Evergrande Shows the Risks Lurking in China’s Drive for ‘Common Prosperity’

In the past few months, China has been pushing for “common prosperity,” which means reducing income inequality and reining in billionaires. Instead of shareholder capitalism, China is talking up stakeholder capitalism, where customers, employees, and even local governments have a say in how companies do business and distribute their earnings.

Before President Xi Jinping woke the nation to its socialist roots, one billionaire was already talking about and acting on them. That man was Hui Ka Yan, founder of China Evergrande Group—the world’s most indebted real estate developer, now on the brink of collapse. Hui, a party member for more than 35 years, used the “common prosperity” slogan in a 2018 speech. For years he was ranked as China’s most charitable person, donating billions of dollars to good causes such as medical research.

When Evergrande was starved for cash, it wanted its employees to become stakeholders, too. Earlier this year it nudged them to give it a short-term loan or risk forfeiting their bonuses. Now hundreds of workers have joined panicked homebuyers to demand their money back.

China’s real estate business always had a bit of stakeholder capitalism. To buy land, developers often borrow from trust companies, which in turn ask senior management responsible for that project to become investors in these trust products. Construction and mortgage loans from the banks come only much later. Only five years ago, trust products that invested in Evergrande’s projects could offer 30% annual yield, according to local reports at the time.

But as Evergrande grew bigger and became more financially stretched, co-investing trickled down to mid-management and eventually to lower-tier worker bees. Financial terms got worse, too. Wealth management products that Evergrande sold were offering only 5% to 10% yields. In addition, these products aren’t necessarily tied to the housing project the employee works at, which means she really has no idea about the quality of the investment her money went to.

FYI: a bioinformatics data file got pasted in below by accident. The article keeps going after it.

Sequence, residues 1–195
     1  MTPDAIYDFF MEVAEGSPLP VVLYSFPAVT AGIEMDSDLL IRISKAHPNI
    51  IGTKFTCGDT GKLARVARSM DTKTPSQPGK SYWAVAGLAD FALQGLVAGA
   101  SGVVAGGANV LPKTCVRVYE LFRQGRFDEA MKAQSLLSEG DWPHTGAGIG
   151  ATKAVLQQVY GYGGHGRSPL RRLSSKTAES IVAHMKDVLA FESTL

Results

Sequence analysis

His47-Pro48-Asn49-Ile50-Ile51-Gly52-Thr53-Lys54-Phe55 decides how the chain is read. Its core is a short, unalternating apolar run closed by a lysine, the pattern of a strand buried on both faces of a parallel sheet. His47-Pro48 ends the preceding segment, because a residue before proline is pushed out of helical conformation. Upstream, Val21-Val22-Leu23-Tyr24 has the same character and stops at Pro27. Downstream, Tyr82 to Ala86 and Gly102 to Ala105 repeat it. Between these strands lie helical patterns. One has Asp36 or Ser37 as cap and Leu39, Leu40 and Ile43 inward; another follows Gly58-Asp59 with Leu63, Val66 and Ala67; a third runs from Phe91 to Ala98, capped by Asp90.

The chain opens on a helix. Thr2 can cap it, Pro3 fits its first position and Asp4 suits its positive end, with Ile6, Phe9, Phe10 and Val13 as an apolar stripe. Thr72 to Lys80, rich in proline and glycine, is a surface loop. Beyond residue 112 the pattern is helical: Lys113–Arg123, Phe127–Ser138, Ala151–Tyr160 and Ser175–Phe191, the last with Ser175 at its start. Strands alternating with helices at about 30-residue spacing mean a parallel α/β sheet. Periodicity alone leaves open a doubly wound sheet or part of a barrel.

In a debt restructuring, a company can still operate normally. While creditors and shareholders haggle, employees can still lead a normal existence, as long as they get paid and not laid off. Evergrande’s strong-arm nudge changed their lives. Now they’re also creditors, who are stacked against powerful banks and have no idea where they are in the pecking order. No wonder some went into the streets to protest.

Proponents of common prosperity say that a business needs to share some profit with its workers. That’s noble. But China’s policymakers also need to be mindful of a corporate culture that’s addicted to debt. Evergrande has borrowed from everyone—its customers, employees, and suppliers. Common prosperity can turn into shared poverty very quickly.

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